(Still from Infinity Baby)

Apparently you don’t have to be ex-lovers to give awkward and hilarious Q&As. Just a few weeks after unveiling Catfight, Onur Tukel is back with yet another feature, Infinity Baby, that had its local premiere at the Montclair Film Festival yesterday. The Brooklyn auteur wrote the script with the idea of playing a character based on himself. But the movie ended up being directed by Austin filmmaker Bob Byington with Kieran Culkin as the star, which led to a very catty Q&A.

Did Byington even consider casting Tukel? “Yeah, we did,” Byington deadpanned to a crowd at the Bellevue Cinema in Montclair, New Jersey. “And he’s unbearable. That’s why we didn’t seriously consider hiring him.”

Tukel, who recently achieved a measure of infamy by getting kicked off of Doug Benson’s Doug Loves Movies podcast for a second time, wrote Infinity Baby before his other films, Applesauce and Summer of Blood. If you’ve seen those, you won’t be surprised that the lead character here is a cynical, neurotic, relationship-averse sadsack. Ben (Culkin) works at a firm that finds surrogate parents for babies who’ve been biologically modified to be young forever. While serving as a middle man between his brass-tacks boss (Nick Offerman) and his bumbling field reps (Martin Starr and Kevin Corrigan), Ben juggles a dating life that consists of seducing women (Trieste Kelly Dunn, Noël Wells) until they start talking marriage and children, and then breaking up with them in an epically cowardly way.

“This movie is about my hatred for myself, how much I hate myself,” Tukel said he realized yesterday, the first time he saw his script brought to life on the big screen.

“Part of the fear of having a relationship is, I don’t want to ruin another person’s life,” he confessed, to laughter. Tukel has said in the past that he likes Q&As to be confrontational and uncomfortable, but the audience clearly wasn’t expecting this much candor.

Throughout the movie, Starr and Corrigan tote a baby around Austin. Byington’s half(?)-joking(?) theory is that Tukel chose not to direct the movie “because he didn’t know how to handle the baby himself.”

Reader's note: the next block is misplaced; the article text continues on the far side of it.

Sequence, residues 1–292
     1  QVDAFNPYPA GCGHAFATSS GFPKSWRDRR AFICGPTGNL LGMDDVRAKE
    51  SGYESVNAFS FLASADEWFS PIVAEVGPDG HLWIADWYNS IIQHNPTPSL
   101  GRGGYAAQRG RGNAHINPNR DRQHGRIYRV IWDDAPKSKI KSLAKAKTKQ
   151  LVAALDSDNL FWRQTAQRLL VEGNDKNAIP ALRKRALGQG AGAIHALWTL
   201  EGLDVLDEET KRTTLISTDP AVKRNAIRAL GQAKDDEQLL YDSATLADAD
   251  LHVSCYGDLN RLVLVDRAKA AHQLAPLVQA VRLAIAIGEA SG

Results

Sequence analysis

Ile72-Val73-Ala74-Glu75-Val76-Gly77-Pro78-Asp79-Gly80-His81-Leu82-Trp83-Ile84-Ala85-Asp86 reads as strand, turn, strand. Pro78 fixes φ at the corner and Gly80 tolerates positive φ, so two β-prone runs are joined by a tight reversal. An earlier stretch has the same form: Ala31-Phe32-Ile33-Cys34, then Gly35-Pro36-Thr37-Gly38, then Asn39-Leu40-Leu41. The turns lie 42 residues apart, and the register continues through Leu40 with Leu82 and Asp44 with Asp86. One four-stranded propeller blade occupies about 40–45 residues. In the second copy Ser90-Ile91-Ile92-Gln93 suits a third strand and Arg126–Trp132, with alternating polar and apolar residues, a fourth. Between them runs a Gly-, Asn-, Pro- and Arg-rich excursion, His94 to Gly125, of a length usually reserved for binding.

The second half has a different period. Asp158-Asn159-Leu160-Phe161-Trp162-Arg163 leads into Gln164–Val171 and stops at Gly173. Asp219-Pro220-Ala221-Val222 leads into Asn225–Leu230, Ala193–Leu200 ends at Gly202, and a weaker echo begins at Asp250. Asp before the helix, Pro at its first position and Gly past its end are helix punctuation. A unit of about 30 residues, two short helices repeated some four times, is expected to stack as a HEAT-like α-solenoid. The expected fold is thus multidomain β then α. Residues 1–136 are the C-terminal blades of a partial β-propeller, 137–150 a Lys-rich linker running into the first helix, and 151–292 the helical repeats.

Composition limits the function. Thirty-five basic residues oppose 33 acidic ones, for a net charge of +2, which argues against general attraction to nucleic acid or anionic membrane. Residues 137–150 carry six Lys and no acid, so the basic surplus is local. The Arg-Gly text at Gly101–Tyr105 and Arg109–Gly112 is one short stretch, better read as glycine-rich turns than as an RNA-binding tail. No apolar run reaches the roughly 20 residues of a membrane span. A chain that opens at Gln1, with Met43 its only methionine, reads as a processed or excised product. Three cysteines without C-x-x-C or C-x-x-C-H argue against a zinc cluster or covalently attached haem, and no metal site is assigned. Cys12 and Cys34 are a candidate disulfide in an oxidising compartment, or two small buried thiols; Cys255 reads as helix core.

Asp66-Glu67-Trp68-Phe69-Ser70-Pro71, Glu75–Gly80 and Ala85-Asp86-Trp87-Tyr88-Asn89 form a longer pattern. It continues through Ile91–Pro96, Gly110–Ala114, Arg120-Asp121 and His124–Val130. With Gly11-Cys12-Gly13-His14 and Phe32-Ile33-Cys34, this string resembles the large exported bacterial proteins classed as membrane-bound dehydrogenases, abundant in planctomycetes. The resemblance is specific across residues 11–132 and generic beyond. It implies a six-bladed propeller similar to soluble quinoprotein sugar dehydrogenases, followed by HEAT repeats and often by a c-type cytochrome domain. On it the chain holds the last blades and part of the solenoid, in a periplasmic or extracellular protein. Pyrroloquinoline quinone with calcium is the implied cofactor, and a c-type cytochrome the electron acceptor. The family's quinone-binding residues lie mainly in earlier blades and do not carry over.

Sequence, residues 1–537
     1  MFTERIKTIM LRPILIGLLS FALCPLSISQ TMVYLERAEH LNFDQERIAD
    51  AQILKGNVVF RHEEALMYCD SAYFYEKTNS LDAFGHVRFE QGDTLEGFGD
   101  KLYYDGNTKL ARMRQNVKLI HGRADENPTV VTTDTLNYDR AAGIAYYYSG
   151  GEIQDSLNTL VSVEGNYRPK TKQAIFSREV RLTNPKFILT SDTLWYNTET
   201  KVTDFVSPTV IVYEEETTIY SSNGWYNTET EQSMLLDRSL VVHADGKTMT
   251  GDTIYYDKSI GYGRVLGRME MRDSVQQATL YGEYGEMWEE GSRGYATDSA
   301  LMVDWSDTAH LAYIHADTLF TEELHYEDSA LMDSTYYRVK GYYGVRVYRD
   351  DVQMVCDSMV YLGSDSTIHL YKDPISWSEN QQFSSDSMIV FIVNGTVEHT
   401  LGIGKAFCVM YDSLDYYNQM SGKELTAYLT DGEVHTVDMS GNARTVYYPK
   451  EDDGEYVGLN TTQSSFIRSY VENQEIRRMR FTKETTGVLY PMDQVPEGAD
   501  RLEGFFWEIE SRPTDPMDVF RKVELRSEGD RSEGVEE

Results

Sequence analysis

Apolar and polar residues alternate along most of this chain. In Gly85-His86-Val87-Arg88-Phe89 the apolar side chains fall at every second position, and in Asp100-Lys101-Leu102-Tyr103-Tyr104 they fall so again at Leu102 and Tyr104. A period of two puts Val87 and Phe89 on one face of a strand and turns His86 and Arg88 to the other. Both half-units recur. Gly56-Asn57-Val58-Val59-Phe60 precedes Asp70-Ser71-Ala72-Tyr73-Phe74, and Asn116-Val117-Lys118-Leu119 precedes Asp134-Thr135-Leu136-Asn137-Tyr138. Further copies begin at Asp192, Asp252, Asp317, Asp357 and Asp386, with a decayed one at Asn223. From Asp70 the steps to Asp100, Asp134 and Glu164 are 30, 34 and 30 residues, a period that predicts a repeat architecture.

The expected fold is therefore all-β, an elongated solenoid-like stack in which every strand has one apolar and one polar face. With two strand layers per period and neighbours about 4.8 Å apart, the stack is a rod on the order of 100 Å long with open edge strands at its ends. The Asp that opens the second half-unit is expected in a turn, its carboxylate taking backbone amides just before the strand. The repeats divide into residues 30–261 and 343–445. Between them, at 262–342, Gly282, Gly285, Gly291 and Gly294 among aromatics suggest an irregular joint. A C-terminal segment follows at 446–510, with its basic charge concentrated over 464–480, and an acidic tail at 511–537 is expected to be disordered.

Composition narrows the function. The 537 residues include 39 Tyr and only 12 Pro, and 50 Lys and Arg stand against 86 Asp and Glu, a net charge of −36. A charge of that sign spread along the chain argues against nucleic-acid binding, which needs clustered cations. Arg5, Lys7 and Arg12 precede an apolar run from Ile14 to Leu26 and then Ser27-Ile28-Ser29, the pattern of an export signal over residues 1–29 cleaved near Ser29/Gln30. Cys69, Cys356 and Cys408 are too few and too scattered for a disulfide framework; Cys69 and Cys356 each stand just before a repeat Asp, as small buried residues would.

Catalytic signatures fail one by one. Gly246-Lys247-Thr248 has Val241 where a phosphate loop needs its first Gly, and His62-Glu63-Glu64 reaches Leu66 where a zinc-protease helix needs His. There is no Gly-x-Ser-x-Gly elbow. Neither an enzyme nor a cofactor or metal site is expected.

When Byington ended up helming the project, Tukel wasn’t much help. “When I would ask him questions about the script, he was really mean,” Byington said, to laughs. “He’s got a very dark side to him that you’re not seeing right now.”

This was delicious stuff compared to typical Q&As, during which you’re forced to listen to the director thank every last producer while you try not to wet your pants with the 44-ounce drink you imbibed two hours ago. But it was clear the writer and director were kidding out of love. Byington and Tukel are friends, and Byington said he was attracted to the script party because the lead character reminded him of Tukel and his sense of humor. “We were very faithful to the script, I believe,” Byington said.

Tukel, of course, begged to differ: “There were a lot of changes to it, without a doubt.” For instance, Byington made Starr and Corrigan’s characters a couple, which Tukel wasn’t crazy about. “It seemed like, why make the clownish duo gay?”

“It’s an attack on gay people,” Byington joked.

Tukel shared a few other gripes about the movie (“I feel like you can be critical if you love something,” he said), including a scene that went on too long.

Byington defended himself: “I mean, the movie was 71 minutes long…”

“I know,” Tukel shrugged, “but it could still be 70…”

Byington wasn’t apologetic about cutting out some of Tukel’s original dialogue, including a dig at Halliburton that didn’t make it into previous cuts but made it into this one. “If Onur had made this movie, we’d still be watching it, believe me.”

The playful jabs weren’t just between Tukel and Byington. Kevin Corrigan was mostly silent as the writer and director sparred, but at one point someone asked the New York actor how he got involved.

Corrigan had previously worked with Byington on 7 Chinese Brothers, and Byington called him and Starr “the two best guys in America.” And yet, Corrigan griped, he still had to audition for the part.

“There was no title page to the script that I got,” Corrigan recalled. “So I thought [Bob] wrote it, and I thought, ‘Oh, wow, Bob’s getting better. It’s different from the last thing he wrote. And then it turned out that Onur wrote it.”

“I think we took that title page off because we didn’t want people looking Onur up on the internet,” Byington deadpanned.

According to Tukel, the film was originally going to be called The Misogynist, a title he’s recycling for a movie he’s making in a couple of weeks. “It’s about two Trump supporters in a hotel room partying and celebrating on election night.”

Byington waved off Tukel before he could self-promote any further.

It was hard to disagree with Montclair Film Festival executive director Tom Hall: “This is the best Q&A ever.”